Re: Origins of the Peace (Victory) sign
Tue, 25 Jun 1996 08:59:00 -0400

>This is distinctly
>different from the opposite position (palm facing the sign-giver), which in
>Britain is a somewhat less friendly statement, one that uh, offers an
>invitation to give oneself "free love." To punctuate this expression, it's
>usually delivered in an upward motion, much like the American equivalent
>that features the middle finger by itself, delivered emphatically with the
>opposite hand slapped onto the crook of the arm, as the arm makes a right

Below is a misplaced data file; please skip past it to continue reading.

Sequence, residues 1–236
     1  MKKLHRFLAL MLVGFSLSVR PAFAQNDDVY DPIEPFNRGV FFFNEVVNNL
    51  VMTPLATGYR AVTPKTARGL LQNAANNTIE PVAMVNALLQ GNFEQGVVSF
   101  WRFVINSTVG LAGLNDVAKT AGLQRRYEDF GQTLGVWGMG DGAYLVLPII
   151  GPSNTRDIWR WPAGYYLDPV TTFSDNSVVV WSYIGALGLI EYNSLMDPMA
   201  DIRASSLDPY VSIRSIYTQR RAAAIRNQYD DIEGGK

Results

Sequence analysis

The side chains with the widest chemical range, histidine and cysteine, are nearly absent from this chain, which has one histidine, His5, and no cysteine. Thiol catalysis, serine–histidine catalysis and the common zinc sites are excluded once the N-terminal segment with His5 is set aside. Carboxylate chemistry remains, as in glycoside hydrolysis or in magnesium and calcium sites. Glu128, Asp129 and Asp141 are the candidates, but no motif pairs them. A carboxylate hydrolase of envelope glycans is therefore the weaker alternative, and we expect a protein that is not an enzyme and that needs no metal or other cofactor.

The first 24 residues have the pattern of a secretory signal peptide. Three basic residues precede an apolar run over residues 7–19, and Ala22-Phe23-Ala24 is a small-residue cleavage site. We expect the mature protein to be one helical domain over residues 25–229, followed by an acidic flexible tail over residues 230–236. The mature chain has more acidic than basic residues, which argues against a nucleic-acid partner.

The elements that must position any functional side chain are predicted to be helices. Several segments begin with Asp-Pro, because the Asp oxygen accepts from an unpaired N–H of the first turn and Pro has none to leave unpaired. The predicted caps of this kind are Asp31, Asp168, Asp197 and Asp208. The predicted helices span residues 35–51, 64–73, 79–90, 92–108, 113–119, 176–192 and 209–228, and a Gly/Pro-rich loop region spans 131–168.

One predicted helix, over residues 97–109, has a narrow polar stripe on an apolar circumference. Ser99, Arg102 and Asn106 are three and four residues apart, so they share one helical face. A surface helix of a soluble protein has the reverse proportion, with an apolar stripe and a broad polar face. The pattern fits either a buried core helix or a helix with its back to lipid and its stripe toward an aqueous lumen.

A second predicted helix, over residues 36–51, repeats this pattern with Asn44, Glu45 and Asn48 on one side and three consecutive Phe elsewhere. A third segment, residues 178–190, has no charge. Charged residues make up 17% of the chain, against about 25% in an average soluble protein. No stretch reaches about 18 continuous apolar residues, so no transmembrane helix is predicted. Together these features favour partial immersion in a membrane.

I don't know where our peace sign came from but the Brit sign described
here comes from a distinct moment in history. At the battle of Agincourt
the French leader told his men to cut the index and middle fingers off
those damned British bowsmen after the battle--this was of course one of
the first uses of the famed British longbow. The longbow held the day
and the bowmen and their descendents give the finger(s) to their
opponents in the emphatic way described as if to say, "see, still got

I believe all this is recounted in John Keegan's superb The Face of

Randy Fertel